The MLB draft is coming up, and starts next week on Tuesday night, June 9.  If you didn’t know, the Nats have the #1 pick. If you’ve been living under a rock, you might not have known that Stephen Strasburg will likely be that pick. If you just emerged from cryogenic hibernation, there is a baseball team in Washington, DC called the Nationals. In case you haven’t heard, baseball is a sport played between two teams of nine players each. The goal is to score runs by hitting a thrown ball with a bat and touching a series of four bases arranged at the corners of a ninety-foot square, or diamond.

Enough with the obvious stuff? The Nats also have the #10 pick, and while Strasburg is exciting, having a #10 pick is pretty exciting, too. Washington could end up getting a player that will be a big impact on the team very soon. And with Mike Rizzo in charge (maybe), the man who has been a big part of putting together a solid Arizona farm system, there is hope that they will do something good with this pick. Over the course of this week, I’ll profile several players that are potential picks for the Nats at #10.

Kyle Gibson

In Keith Law’s mock draft on ESPN, he has the Nats projected to take right handed pitcher, Kyle Gibson with their second pick. Perhaps the most interesting part for Nats fans about Gibson is that he went to Missouri. This is the same school that last year’s #9 pick Aaron Crow attended. Well I don’t want to be presumptuous. I’m have no idea if he attended but I know he pitched there. Law thinks that the Nats will be eager to get someone who is easy to sign but still seems to be a solid #10 pick, and he assumes Gibson will be just that. Baseball America, meanwhile, have him ranked as their #4 talent on their list, and compare him to other Missori pitchers Max Scherzer and Aaron Crow, saying that he doesn’t have either of their arm strengths but could be better than either of them in the end.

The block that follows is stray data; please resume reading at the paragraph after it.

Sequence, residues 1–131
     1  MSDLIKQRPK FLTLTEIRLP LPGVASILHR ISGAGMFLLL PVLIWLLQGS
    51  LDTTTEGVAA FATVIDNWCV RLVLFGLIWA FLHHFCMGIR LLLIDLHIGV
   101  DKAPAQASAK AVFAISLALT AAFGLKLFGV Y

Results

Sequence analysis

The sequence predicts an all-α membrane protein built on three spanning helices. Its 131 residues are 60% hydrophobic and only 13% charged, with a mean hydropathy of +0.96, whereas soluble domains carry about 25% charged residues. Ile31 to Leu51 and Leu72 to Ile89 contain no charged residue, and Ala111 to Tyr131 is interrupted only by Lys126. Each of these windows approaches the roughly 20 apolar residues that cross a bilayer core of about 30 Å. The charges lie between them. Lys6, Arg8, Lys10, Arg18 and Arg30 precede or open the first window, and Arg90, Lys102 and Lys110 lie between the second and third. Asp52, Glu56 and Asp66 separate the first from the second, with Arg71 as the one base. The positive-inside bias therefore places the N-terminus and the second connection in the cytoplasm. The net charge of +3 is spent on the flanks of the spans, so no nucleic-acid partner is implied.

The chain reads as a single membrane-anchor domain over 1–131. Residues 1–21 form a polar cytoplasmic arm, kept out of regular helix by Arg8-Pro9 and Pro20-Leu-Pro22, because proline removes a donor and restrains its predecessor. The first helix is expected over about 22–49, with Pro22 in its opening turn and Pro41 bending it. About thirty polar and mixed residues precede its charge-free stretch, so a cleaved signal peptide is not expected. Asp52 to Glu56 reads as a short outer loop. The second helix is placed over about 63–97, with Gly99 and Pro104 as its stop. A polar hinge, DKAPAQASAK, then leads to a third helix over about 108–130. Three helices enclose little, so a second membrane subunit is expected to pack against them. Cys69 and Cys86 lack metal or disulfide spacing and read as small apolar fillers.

As for his pitching, Gibson doesn’t have a dominant fastball but ESPN calls it “solid-average” at 89-93. He’s got a good slider and a good changeup, and BA calls them “two of the better secondary pitches in the draft.” He’s got very good command and control – something that the Nats could use a bit more of in their pitching staff. He’s tall at 6’6″ and everyone seems to be impressed with his delivery and the downhill plane on which he throws.

If the Nats take him, he could probably be up pretty quickly, perhaps early 2010. He a pretty polished pitcher already, and would stand a chance to at least fight for a rotation spot in spring training next year.

*Credit is due to Jim Callis and Keith Law among others, as I am not a scout and am simply trying to summarize their opinions in a way that gives Nats fans an idea of these players without running afoul of any copyright stuff.

By Charlie